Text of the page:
chapter  18
Personality Assessment and the Cultural Self: Ernie and Etic Contexts as Learning Resources
ByRichard H. Dana
Pages 22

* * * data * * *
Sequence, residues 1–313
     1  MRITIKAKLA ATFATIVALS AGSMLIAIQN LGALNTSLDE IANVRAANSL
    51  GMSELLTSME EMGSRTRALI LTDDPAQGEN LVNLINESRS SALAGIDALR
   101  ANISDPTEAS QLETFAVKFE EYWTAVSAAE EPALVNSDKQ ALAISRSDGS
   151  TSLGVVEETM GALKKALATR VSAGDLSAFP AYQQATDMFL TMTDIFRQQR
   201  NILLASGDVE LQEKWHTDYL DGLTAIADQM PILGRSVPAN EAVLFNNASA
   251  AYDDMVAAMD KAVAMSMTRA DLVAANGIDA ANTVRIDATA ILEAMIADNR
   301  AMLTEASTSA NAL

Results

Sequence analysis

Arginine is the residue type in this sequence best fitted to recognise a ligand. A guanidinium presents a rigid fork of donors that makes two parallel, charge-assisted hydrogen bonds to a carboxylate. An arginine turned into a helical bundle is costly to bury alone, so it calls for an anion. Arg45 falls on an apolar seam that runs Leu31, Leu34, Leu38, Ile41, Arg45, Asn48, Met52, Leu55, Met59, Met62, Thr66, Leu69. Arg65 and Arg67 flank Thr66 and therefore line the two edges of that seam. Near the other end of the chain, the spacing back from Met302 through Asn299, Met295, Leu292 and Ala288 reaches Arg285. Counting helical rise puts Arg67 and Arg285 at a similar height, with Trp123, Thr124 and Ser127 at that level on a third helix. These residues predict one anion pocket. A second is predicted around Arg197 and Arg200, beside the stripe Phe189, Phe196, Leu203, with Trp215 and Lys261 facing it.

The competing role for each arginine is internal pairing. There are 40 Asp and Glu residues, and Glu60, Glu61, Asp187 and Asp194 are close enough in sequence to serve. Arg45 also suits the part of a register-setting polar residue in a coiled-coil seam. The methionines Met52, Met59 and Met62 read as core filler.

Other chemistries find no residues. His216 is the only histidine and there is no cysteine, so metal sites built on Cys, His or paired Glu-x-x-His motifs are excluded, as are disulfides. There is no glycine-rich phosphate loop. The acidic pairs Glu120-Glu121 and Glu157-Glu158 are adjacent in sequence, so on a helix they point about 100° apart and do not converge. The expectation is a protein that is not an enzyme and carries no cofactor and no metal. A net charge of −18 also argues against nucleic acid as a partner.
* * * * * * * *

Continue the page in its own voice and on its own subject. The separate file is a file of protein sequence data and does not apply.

Interpretation of standard psychological test data from culturally diverse assessees for clinical diagnosis and personality description is difficult due to bias and deficits in cultural competence. This chapter presents a process for learning to use credible and available ernie and etic sources for culture-personality information that can increase cultural sensitivity by reducing bias. Ernie sources originate in communities representing one culture, or group within a culture (e.g., Native American Navajos), and are called culture-specific. Etic sources are intended to be universal and hence applicable to all cultural groups. However, many so-called etics, including psychological tests and structured interviews, come directly from our Anglo-American culture and have not been cross-culturally validated for equivalence before being used with other cultural groups. As a consequence, these measures are pseudoetics because their generality has not been established empirically. Personality theories and research may also be pseudoetic because of their Euro-American, male origins and subsequent inappropriate applications to persons from diverse cultural groups.